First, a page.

I have made a decision to talk about another interest (passion, maybe?..) of mine which has remained consistent now for a number of years. That is the topic of investing – a more specific mindset and method of investing called ‘value investing’. It is likely that I will post more about this topic from now onwards.

So where did this interest come from?

When I was 18 me and my family rented a place in Worthing, (South Coast of England, near Brighton) and I got into a discussion with our landlord there. I had little going on that summer (of 2009) and, following on from my interest in Economics I had started watching snippets of financial TV – Bloomberg, CNBC etc. I was talking to the landlord, David his name was, about this and he referred me to a book which he said had served him well (he owned multiple properties) and is excellent if you have an interest in the stock-market. That book was ‘The Intelligent Investor’ by Benjamin Graham, updated as the 2003 version.

I bought the book not knowing what to expect and in honesty, it took me while to get round to reading it and I didn’t understand it too well at first. It wasn’t really until 2011 when I really picked it up and took a direct, personal interest and the philosophy of the book really resonated with me. That is ‘value investing’, a method popularlised by Warren Buffet – arguably the most successful investor who ever lived.

To those who don’t know I’ll try to explain ‘value investing’:

Many people who invest look to make very, very returns which can make them rich, from finding the next mini ‘Apple’ for instance or trading frantically on on-rushing news. Most who put money in the stock-market actually lose money, sometimes to a devastating extent mainly due to these behaviours which actually work well in other areas of life. Value investing is to invest cautiously so as to be safe against big losses and make a decent return, over a long term basis. Some value investors have in fact made among the highest returns in history over extended periods – see Warren Buffett (there are several more, too).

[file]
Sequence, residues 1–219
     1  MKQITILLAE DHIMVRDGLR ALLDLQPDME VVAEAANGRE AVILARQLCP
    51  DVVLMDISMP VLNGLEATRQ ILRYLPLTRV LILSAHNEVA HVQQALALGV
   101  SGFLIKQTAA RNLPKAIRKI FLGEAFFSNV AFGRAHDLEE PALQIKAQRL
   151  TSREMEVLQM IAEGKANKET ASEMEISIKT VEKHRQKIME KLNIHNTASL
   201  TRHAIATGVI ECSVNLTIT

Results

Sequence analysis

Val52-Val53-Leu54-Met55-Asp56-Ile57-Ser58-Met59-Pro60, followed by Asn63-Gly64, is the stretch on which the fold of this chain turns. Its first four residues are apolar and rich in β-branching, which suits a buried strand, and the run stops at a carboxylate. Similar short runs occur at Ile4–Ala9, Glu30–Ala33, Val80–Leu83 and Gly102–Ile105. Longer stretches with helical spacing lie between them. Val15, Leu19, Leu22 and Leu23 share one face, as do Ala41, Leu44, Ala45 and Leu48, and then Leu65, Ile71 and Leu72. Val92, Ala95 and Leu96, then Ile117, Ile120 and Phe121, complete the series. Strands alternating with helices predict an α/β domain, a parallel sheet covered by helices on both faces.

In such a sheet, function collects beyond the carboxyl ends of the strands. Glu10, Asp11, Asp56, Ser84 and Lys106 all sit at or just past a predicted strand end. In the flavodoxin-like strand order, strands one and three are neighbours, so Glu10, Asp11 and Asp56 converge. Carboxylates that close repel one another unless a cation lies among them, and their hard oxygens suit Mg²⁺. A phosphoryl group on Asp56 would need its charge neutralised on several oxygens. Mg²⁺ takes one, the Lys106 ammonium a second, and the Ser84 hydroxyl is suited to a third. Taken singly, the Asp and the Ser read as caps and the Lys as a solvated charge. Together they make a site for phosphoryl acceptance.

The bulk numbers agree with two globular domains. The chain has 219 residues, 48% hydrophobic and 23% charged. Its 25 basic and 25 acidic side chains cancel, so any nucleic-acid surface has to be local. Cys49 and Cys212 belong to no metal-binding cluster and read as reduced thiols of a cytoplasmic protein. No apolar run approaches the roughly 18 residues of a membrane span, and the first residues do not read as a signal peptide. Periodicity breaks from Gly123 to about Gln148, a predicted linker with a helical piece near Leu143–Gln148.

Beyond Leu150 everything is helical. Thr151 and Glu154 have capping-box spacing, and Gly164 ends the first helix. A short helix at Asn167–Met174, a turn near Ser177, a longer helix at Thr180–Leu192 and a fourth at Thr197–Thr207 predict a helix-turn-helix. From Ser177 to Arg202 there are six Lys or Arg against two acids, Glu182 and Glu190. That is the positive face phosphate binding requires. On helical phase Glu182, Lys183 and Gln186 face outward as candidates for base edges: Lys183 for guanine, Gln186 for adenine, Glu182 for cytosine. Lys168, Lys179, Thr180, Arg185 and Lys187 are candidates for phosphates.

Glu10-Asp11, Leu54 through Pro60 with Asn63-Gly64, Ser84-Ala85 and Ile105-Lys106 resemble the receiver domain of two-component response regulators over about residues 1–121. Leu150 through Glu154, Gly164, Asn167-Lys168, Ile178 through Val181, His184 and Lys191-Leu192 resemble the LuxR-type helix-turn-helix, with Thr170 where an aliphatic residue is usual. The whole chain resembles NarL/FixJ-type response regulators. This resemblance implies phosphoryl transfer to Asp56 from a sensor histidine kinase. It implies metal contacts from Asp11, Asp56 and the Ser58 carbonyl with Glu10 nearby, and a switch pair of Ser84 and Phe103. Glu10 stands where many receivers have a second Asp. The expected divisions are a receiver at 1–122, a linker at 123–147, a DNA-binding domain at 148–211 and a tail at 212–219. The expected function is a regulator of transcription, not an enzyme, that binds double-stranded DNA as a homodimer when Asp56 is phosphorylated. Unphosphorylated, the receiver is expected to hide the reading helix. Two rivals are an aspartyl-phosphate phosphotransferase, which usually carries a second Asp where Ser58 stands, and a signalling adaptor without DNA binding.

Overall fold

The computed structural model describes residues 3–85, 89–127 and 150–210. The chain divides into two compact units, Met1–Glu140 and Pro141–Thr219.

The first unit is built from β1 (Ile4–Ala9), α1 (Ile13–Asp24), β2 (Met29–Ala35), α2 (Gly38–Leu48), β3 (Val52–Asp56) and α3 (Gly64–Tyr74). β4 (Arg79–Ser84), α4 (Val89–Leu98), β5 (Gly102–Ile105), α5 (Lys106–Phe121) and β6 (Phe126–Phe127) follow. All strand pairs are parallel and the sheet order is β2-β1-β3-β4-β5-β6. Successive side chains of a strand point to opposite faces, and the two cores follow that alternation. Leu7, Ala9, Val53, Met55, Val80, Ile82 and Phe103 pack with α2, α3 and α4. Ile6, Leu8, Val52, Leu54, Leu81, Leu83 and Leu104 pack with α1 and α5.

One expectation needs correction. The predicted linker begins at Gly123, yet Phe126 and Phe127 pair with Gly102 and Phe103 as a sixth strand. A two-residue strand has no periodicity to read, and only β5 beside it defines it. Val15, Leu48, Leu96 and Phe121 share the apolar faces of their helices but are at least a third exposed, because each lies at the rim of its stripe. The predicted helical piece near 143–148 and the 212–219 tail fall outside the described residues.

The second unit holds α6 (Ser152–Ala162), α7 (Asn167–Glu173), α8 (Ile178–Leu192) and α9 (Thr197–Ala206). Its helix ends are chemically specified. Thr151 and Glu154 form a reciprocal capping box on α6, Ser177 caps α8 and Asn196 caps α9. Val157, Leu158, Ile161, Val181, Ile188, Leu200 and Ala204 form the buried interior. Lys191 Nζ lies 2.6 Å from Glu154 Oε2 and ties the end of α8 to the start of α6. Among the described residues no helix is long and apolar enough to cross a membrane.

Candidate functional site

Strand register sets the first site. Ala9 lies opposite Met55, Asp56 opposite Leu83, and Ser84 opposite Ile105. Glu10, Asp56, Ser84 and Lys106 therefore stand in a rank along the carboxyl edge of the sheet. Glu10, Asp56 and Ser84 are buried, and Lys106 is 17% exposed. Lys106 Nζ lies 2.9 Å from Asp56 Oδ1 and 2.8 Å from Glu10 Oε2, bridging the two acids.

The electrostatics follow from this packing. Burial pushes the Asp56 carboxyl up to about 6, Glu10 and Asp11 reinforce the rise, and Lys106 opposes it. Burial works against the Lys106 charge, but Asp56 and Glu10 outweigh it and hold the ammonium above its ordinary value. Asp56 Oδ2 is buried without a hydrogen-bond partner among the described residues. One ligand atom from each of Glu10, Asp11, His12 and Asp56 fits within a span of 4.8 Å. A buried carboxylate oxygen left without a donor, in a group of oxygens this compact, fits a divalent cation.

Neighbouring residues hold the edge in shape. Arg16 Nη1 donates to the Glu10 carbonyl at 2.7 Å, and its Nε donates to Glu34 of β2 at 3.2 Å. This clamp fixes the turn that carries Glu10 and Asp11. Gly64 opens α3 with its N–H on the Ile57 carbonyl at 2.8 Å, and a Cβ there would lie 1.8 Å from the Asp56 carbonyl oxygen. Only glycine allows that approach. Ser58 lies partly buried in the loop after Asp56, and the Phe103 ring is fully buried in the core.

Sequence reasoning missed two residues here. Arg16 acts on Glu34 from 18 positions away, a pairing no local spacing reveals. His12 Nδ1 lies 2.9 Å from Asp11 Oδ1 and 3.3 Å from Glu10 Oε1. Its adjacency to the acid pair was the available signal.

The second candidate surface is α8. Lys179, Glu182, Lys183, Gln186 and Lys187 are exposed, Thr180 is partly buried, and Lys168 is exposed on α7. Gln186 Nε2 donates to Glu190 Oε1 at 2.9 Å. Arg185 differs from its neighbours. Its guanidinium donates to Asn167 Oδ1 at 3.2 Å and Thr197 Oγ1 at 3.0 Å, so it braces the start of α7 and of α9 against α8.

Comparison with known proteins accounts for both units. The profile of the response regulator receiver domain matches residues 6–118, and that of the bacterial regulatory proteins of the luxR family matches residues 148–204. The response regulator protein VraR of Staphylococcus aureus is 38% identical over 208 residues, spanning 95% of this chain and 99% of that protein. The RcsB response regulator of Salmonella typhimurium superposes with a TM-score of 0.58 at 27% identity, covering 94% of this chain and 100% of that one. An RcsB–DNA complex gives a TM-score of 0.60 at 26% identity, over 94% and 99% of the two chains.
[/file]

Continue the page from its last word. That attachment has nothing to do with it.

This is done by buying shares which have a stock-market value less than the value of the underlying business. The business is best in a strong, solid financial and industry position. And never put so much in one basket if a loss on one investment will hurt you big time. Then, be patient, sit back and don’t look at or think about your portfolio often – trust your convictions.

I decided in 2011 to try this out on a practice portfolio. Admittedly, things didn’t go too well at first but even through failure, simply reading wider from other materials and investors, and doing the research got me interested more. Honesty is the best policy and I admit that my first portfolio was 25% down from my very elementary methods. In 2012 I restarted my portfolio hopefully learning from my mistakes and since then things have been fairly solid going (I’ve kept with the same portfolio).

I look to continue this activity of mine which I have done in my spare time. Perhaps if things continue to go solidly in practice, and I have enough money I may start applying the investing method and philosophy I’ve built up for real 🙂

There’s something Zen about Value Investing. If you do it as it’s taught, a great amount of time you’re sitting around doing nothing but when you do ‘do’, it is with diligence, sensibility and conviction!

I should be writing more about this topic a little more. Value Investing has a fairly small audience (if it didn’t it wouldn’t work, so they say!) so it’d be awesome if I get a few, even a single reader who shares similar beliefs

If you’ve reached here, thank you and it may be interesting to hear from you

Josh Zahangir


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